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This paper describes the premodern European institution that supported impersonal exchange, in which a merchant's decision to exchange is independent either of expectations of future exchange with the same partner or of knowledge of that partner's past conduct or the ability to report misconduct to future trading partners. Economists know surprisin...
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Markets rest upon institutions. The development of market-based exchange relies on the support of two institutional pillars that are, in turn, shaped by the development of markets. Research in the field of new institutional economics has largely focused upon one such institutional pillar—‘contract-enforcement institutions’—that determine the range...
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This paper asks why and how institutions change. How does an institution persist in a changing environment and how do processes that it unleashes lead to its own demise? The paper shows that the game theoretic notion of self-enforcing equilibrium and the historical institutionalist focus on process are both inadequate to answer these questions. Bui...
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This paper presents an institution - the Community Responsibility System (CRS) - which has been a missing link in our understanding of market development. The CRS fostered market expansion throughout pre-modern Europe by providing the contract enforcement required for impersonal exchange characterized by separation between the quid and the quo over...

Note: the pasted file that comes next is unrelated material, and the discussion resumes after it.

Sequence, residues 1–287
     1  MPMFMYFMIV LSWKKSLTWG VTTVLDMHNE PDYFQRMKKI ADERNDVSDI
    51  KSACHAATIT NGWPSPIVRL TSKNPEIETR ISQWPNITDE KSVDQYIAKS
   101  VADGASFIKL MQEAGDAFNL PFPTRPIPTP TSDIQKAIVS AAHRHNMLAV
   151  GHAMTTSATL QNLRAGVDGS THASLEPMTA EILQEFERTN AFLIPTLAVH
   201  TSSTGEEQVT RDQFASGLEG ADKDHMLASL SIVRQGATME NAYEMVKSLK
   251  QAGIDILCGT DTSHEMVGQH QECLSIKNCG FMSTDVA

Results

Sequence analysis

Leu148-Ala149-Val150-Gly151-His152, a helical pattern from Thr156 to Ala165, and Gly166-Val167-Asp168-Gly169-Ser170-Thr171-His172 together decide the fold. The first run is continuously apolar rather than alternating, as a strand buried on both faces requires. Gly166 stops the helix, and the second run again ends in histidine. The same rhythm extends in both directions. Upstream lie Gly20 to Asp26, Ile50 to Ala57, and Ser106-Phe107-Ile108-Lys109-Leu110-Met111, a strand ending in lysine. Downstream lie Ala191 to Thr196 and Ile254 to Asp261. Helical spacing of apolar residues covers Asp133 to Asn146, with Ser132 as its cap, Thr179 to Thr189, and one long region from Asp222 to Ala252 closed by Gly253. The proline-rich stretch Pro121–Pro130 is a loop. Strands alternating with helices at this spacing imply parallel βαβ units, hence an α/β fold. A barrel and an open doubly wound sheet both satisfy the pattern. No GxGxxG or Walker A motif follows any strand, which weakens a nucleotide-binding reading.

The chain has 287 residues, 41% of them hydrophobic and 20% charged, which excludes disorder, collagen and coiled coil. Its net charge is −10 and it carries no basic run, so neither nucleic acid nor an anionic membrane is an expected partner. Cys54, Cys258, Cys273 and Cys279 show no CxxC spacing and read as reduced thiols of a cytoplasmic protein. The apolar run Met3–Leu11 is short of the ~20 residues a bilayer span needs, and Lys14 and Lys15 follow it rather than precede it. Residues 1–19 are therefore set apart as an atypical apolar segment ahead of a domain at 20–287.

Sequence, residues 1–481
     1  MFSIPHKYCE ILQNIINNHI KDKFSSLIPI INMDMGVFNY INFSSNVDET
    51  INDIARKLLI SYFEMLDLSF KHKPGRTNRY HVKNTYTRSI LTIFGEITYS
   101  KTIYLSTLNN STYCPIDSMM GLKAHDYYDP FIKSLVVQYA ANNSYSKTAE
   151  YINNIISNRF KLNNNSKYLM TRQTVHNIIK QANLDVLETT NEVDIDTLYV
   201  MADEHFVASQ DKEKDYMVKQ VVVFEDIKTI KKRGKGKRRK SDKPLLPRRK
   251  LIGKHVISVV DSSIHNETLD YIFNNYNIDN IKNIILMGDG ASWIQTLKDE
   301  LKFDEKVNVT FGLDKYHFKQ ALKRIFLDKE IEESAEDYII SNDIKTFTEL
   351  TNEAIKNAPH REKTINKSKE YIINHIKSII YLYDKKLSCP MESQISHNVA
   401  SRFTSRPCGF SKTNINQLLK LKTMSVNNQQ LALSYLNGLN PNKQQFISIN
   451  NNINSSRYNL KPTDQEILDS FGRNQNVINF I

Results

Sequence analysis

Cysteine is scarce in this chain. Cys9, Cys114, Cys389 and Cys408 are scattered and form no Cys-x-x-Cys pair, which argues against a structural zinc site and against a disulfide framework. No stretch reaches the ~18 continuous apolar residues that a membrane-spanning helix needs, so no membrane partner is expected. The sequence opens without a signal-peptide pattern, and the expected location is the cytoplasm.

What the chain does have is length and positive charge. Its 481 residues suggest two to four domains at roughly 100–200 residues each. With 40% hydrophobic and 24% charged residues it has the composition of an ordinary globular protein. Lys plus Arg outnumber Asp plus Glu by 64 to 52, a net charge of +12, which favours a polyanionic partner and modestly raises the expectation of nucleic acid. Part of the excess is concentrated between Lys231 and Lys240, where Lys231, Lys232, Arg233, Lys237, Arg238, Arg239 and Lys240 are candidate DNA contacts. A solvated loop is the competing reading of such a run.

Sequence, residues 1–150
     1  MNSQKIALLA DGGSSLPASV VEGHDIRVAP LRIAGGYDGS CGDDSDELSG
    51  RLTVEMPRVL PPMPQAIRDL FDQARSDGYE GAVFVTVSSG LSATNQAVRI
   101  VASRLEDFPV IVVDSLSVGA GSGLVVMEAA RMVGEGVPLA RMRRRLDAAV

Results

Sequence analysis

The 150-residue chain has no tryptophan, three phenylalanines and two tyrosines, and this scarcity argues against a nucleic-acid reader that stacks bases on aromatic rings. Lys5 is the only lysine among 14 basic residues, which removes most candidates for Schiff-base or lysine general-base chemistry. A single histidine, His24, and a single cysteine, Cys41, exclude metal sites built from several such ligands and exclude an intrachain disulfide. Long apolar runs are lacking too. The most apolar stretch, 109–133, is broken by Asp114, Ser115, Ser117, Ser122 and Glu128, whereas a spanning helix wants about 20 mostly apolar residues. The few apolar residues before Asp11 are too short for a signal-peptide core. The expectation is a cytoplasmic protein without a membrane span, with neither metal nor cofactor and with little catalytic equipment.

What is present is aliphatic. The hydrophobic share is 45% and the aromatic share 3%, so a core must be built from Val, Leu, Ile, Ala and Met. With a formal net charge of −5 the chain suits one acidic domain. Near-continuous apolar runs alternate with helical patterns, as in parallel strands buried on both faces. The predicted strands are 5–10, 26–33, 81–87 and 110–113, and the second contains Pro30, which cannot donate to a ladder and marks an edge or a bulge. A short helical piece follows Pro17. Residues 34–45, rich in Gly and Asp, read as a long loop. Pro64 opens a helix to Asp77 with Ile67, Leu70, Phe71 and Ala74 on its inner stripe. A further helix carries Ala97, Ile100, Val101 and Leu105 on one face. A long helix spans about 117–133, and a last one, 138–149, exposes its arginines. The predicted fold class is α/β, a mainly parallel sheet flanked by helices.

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The abstract for this document is available on CSA Illumina.To view the Abstract, click the Abstract button above the document title.
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This paper surveys the small, yet growing, literature that uses game theory for economic history analysis. It elaborates on the promise and challenge of applying game theory to economic history and presents the approaches taken in conducting such an application. Most of the essay, however, is devoted to studies in economic history that use game the...
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In stateless societies, coercion is privately provided; violence is employed to engage in, and to defend against, predation. At best, violence results in mere redistribution; being destructive, it more often results in a loss of social welfare. When organized, however, violence can be socially productive; it can be employed to defend property right...
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This paper utilizes historical evidence and game theory to examine institutions that fostered intercommunity impersonal exchange during the late medieval period. It presents the community responsibility system that functioned throughout Europe and supported impersonal exchange despite the lack of impartial legal enforcement provided by a third part...
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For individuals to enter mutually beneficial exchange relationships they have to recognise them as such and they have to be able to commit to fulfil their contractual obligations. The ways in which a society s institutions mitigate this fundamental problem of exchange determine its efficiency and distribution. This article calls attention to the ne...